available, polish its surface to the most exact optical flatness, and
control the motion of my stone as precisely as possible, ensuring an almost
precisely vertical impact on the surface of the glass, all my efforts will
only make the events more impossible to predict.
If, on the other hand, I scratch the surface of the glass or use a piece of
glass that is already cracked (which would be cheating), I shall be able to
make some approximate predictions. For some reason (unknown to me), the
break in the glass will run parallel to the scratch and about 1/100 of an
inch to the side, so that the scratch mark will appear on only one side of
the break. Beyong the end of the scratch, the break will veer off
Under tension, a chain will break at its weakest link. That much is
predictable. What is difficult is to identify the weakest link before it
breaks. The generic we can know, but the specific eludes us. Some chains
are designed to break at a certain tension and at a certain link. But a
good chain is homogenous, and no prediction is possible. And because we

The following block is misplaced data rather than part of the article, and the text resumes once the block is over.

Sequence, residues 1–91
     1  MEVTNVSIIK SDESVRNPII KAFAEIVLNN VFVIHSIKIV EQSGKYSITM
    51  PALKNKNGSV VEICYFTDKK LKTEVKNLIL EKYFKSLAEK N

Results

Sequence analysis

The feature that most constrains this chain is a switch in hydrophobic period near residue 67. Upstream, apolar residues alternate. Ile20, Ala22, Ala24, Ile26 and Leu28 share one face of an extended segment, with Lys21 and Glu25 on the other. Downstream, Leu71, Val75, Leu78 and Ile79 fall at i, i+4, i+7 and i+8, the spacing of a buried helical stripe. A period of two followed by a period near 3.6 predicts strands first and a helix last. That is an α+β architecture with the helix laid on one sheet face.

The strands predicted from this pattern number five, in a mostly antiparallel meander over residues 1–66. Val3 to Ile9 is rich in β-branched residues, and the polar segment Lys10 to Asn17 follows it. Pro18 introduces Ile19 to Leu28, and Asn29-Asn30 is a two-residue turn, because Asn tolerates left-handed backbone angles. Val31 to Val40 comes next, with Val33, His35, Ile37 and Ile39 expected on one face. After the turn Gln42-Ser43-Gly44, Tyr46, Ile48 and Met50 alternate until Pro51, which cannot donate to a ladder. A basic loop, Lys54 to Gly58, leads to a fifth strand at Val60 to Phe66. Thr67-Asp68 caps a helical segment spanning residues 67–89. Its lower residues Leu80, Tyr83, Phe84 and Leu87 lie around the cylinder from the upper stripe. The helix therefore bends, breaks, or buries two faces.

cannot know which link is the weakest, we cannot know precisely how much
tenstion will be needed to break the chain.
If we heat a clear liquid (say, clean distilled water) in a clean, smooth
beaker, at what point will the first bubble of steam appear? At what
temperature? And at which instant?
These questions are unanswerable unless there is a tiny roughness in the
inner surface of the beaker or a tiny speck of dust in the liquid. In the
absence of such an evident nucleus for the beginning of the change of
state, no prediction is possible; and because we cannot say where the
change will start, we also cannot say _when_. Therefore, we cannot say at
what temperature boiling will begin.
If the experiment is critically performed - that is, if the water is very
clean and the beaker very smooth - there will be some superheating. In the
end the water will boil. In the end, there will always be a difference that
can serve as the nucleus for the change. In the end, the superheated liquid
will "find" this differential spot and will boil explosively for a few
moments until the temperature is reduced to the regular boiling point
appropriate to the surrounding barometric pressure.
The freezing of liquid is similar, as is the falling out of crystals from a
supersaturated solution. A nucleus - that is, a differentiated point, which
in the case of a supersaturated solution may, indeed, be a microscopic
crystal - is needed for the process to start.